"The Dog Meadow Lights" or "Paulding Light" have been appearing in the town Paulding, Michigan, every night since the turn of the 20th century. The experience varies - the intensity, length, and time it appears are unpredictable, but every night the light is seen on the horizon.
The Syfy show "Fact or Faked" went to the site and tried to debunk the mystery by doing a series of experiments. Strangely enough, once the light appeared, two crewmen rushed to the top of the hill where the light was emerging from. When they got there they found the place was filled with heavy vegetation. It was pitch dark even though the film crew was capturing the light on film at the viewing site. First thing the crew did was test the area for natural gases but the levels were too low to cause visual results. Next, they held various experiments to replicate the mysterious light - Flying a small airplane as close to the ground as possible - Went to the nearest road and flashed the head and back lights of a car - Did an EVP session to check for paranormal activity in the area since there are myths that relate the light to an ancient train accident where the railroad switchman got killed while flashing his lantern as he tried to prevent the crash.
None of the experiments worked. The Paulding Light remains an unsolved mystery.
What do you think is the cause for this strange phenomena?
Just because the lights appear to be coming from one location does not mean they are - this is one of hte key points about optical illusions and why you can't find the end of the rainbow.
Film crews are not scientists but have the ability to persuade viewers that they are. Flashing the lights on a car on a road is not a scientific method it is just flashing the lights on a random car. Some years ago a ghost lady who would ride her bicycle along a lonely lane was 'caught'. If I recall correctly it turned out to be caused by a combination of car headlights on two different roads many miles away and in different directions. And in some desert that i also forget, a city often appears just on the hoizon (15 miles away) that is actually several hundred miles further on.
One easy possibility is some light source being reflected back toward the viewer from the planes between two air masses as warm air is pushed up into the colder air over the hills. And that is without knowing anything except that there are hills there.
The Fact of Faked team did test the headlight of cars and got no results whatsoever. They also believed the mystery would be debunked by the headlight experiment. If you take a little bit to watch the program I linked before, you'll see it. Now, I'm not saying that this source you've linked is not saying the truth, but I find it difficult to believe that they wouldn't submit a video to have proof of their results. I also believe there is a logical explanation for this, but I don't think it's headlights.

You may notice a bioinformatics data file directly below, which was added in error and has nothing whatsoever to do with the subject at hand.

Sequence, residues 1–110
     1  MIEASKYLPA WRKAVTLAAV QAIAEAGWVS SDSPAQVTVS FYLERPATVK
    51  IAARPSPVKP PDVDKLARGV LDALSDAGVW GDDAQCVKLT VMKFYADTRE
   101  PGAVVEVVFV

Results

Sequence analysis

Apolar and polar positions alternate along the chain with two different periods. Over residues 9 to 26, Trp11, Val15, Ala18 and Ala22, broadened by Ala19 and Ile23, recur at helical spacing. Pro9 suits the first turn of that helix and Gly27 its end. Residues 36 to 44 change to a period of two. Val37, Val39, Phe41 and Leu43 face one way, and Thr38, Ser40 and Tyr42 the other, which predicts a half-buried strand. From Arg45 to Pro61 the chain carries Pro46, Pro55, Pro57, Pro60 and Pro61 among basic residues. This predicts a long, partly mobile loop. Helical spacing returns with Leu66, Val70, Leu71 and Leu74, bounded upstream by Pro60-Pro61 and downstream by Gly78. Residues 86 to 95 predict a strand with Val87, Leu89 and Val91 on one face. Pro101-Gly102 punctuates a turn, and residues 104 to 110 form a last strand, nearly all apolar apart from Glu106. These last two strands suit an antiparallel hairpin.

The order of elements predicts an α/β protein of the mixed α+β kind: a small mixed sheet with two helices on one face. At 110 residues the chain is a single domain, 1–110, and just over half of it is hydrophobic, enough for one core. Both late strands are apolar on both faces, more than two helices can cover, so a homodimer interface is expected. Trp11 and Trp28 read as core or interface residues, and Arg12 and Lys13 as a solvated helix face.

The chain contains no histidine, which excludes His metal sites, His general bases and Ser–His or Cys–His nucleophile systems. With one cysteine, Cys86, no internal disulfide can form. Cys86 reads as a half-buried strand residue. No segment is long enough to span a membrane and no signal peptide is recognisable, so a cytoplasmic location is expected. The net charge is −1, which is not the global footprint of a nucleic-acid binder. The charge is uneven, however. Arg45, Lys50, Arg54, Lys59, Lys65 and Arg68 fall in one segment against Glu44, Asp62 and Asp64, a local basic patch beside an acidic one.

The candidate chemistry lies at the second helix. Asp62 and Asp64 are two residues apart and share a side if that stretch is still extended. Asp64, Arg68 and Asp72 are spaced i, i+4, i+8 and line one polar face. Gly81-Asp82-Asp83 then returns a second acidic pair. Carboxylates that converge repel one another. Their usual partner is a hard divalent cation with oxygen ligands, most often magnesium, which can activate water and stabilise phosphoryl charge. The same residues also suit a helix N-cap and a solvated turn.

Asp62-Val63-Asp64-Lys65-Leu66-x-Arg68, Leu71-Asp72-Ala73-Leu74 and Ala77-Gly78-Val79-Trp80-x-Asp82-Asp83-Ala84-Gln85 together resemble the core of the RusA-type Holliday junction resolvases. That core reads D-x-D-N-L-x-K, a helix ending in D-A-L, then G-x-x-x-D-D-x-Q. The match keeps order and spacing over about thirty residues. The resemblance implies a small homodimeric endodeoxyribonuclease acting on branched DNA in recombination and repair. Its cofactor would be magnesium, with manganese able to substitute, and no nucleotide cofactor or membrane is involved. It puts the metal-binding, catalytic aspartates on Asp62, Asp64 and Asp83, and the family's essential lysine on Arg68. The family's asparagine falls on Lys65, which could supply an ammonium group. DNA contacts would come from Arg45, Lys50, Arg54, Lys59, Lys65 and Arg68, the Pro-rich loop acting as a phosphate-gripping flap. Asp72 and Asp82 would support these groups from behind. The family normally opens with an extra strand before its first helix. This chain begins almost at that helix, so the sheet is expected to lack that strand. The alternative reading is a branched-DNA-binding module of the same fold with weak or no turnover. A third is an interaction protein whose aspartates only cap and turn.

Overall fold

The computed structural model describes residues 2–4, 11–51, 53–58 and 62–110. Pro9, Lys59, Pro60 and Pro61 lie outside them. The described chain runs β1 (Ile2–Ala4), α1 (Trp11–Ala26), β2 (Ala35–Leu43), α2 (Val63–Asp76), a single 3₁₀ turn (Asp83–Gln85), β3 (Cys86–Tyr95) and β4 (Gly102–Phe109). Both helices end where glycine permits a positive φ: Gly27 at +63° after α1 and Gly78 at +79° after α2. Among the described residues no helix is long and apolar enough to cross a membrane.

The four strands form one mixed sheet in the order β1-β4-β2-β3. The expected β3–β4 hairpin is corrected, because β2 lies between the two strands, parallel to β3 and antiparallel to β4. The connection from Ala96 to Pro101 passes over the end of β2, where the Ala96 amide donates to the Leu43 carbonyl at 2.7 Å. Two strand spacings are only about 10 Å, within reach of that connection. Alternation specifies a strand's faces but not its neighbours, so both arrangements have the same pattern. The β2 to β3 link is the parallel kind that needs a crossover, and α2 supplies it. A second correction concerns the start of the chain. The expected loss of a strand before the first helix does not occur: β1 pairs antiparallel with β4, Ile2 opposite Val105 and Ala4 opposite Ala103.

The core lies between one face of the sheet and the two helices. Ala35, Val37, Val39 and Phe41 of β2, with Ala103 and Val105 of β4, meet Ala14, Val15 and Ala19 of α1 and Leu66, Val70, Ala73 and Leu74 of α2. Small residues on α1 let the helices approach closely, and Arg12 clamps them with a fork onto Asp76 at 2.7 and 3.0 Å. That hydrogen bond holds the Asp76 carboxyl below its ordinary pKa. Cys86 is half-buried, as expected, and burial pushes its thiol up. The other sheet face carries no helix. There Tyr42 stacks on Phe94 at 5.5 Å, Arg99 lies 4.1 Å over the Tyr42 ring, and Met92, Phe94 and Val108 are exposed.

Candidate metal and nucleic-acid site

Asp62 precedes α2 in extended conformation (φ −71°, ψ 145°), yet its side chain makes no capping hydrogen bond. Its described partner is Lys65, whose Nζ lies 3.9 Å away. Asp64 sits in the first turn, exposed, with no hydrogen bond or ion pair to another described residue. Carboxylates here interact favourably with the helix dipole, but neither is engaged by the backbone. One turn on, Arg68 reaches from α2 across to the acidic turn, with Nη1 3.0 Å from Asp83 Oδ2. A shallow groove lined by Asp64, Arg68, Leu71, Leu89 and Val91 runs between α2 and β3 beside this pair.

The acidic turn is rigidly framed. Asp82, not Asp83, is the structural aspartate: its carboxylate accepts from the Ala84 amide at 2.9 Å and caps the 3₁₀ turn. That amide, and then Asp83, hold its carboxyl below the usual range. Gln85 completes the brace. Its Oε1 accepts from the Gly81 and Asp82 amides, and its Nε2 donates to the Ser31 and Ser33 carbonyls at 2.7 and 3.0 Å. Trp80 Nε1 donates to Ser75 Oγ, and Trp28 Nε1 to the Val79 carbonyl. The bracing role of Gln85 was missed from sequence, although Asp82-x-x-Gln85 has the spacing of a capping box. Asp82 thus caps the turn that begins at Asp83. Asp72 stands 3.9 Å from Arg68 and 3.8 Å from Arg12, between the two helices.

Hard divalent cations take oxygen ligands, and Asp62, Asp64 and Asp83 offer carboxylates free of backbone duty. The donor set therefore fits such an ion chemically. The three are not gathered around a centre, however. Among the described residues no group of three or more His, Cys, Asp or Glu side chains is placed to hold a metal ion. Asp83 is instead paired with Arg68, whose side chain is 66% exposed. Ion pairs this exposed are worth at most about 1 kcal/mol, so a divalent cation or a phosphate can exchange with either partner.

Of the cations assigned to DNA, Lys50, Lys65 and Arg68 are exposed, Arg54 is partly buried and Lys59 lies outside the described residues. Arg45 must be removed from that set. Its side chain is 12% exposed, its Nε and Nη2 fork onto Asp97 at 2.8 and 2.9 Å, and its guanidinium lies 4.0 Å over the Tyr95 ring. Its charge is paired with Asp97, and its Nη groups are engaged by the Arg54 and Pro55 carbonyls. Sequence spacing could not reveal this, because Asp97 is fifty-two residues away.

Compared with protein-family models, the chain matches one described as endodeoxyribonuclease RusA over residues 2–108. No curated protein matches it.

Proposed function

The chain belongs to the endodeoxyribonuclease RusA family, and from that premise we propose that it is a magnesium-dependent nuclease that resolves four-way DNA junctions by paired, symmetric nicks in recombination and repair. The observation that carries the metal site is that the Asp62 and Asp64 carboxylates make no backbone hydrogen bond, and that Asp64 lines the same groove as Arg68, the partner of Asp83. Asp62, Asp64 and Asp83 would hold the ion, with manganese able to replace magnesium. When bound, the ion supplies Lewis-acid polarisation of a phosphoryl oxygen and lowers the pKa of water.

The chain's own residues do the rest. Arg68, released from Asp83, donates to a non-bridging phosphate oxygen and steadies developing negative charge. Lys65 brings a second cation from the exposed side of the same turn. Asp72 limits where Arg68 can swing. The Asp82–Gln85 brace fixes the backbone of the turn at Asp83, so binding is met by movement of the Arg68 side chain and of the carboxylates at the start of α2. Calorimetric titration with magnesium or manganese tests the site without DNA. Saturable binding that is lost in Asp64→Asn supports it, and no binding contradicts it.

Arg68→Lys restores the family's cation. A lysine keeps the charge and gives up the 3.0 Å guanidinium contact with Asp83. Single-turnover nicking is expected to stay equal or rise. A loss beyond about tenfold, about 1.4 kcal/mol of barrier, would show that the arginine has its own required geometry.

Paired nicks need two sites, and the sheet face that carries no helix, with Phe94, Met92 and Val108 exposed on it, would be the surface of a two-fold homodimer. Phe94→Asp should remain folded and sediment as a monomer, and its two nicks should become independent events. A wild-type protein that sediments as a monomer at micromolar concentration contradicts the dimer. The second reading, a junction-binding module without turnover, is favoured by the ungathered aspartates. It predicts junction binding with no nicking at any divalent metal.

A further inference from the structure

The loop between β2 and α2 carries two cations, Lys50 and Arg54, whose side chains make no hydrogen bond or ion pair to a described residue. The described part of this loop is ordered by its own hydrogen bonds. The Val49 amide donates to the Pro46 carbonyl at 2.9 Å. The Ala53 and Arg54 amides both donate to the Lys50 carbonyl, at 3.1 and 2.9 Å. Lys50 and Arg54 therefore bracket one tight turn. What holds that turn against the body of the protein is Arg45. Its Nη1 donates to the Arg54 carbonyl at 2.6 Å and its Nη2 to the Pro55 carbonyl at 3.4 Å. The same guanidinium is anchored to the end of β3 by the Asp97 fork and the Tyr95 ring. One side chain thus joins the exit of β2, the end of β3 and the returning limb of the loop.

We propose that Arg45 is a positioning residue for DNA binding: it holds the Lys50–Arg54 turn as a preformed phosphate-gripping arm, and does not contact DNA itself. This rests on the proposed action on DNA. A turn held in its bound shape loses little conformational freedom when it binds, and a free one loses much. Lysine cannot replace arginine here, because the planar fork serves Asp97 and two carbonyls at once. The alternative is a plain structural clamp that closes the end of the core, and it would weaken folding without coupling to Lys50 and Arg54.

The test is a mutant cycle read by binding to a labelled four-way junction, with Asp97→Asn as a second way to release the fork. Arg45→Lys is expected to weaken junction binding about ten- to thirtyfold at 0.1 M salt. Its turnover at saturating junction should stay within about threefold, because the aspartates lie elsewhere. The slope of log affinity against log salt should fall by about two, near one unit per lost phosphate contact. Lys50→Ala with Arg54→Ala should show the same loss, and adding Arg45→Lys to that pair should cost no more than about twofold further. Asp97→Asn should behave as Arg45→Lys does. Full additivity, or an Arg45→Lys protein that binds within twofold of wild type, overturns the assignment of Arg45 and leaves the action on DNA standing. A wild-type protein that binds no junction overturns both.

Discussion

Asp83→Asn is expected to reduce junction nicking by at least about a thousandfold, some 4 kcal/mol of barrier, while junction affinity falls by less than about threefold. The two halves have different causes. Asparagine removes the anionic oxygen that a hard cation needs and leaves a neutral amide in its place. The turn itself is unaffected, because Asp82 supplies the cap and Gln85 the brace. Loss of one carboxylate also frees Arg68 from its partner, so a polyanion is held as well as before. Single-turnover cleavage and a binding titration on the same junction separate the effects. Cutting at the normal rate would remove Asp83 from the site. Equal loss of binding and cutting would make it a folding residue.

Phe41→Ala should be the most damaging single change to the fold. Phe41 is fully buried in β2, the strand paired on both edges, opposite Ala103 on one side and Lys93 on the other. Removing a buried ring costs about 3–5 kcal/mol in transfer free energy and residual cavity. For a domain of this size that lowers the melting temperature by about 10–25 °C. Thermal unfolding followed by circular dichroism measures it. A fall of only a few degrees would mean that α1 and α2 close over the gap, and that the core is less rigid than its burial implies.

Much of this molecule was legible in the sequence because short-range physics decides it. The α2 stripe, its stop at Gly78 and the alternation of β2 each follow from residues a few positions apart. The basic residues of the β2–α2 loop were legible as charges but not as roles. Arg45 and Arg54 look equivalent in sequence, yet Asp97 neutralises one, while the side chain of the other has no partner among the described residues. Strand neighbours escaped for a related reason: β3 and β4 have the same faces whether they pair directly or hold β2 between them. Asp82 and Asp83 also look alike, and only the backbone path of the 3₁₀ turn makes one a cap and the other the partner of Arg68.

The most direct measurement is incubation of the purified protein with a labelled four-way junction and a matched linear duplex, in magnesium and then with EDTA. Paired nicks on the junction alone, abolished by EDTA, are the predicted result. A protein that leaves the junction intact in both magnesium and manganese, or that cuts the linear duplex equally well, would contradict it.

I think it's Ralwus (he is truly from Michigan, regardless of what he says), who probably has a million empty old bottles of scotch hanging from his backyard tree. Every night, when he is too wasted to be able to open the door, he pulls out his keychain flashlight in an attempt to find the key to his front door. The light hits one of the bottles and reflects onto other bottles until the Paulding light appears in the distance. I have proof! The first reports were filed in the 60's. Have you noticed Ralwus' bandana? Yeap, it's been him all this time!
TV shows are made to sell advertisements, not to provide any relevant content to it's audience. There are so many of these kind of programs geared towards sensationalizing the supernatural in order to make a buck.
Notice that the guys in the link I provided were not out to make a buck.
I doubt that they would intentionally try to keep it a mystery. They have debunked so many other things. Plus, this other team that investigated didn't submit any video. Why? If they really had proof that they were truly headlights, why wouldn't they submit a video to show everyone?
Good article! We had theorized that there might be some kind of temperature inversion that picked up car headlights, but this investigation lays bare the facts. It's still an interesting and fun phenomenon, but it's nice to know how it happens.
If they were real investigators, they would have used infrared imagery, and maybe a high powered night vision telescope to look for details. Also, it would have been appropriate to point a laser at the light to see if there was any tempertature refraction going on. The laser would point to the source, which I still think is car lights or maybe a tower of somekind in a completely different location reflecting off something like a pool of water.
They did a bad job of debunking this one. Next time they need to hire a professional, not actors.